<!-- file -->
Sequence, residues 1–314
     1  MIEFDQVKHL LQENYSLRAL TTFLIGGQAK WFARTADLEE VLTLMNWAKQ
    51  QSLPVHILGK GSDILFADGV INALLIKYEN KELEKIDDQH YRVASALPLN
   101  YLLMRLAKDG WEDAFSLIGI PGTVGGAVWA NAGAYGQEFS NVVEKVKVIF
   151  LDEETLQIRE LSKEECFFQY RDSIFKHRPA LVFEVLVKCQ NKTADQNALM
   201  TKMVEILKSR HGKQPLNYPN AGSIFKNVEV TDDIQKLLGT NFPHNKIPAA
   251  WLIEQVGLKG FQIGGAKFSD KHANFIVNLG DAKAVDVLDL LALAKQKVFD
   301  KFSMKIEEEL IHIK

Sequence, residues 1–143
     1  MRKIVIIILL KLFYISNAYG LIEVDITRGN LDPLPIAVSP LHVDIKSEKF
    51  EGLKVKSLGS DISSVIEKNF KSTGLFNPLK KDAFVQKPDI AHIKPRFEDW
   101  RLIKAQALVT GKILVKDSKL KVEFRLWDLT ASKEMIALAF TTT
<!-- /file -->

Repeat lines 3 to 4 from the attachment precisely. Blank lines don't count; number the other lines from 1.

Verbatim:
    51  QSLPVHILGK GSDILFADGV INALLIKYEN KELEKIDDQH YRVASALPLN
   101  YLLMRLAKDG WEDAFSLIGI PGTVGGAVWA NAGAYGQEFS NVVEKVKVIF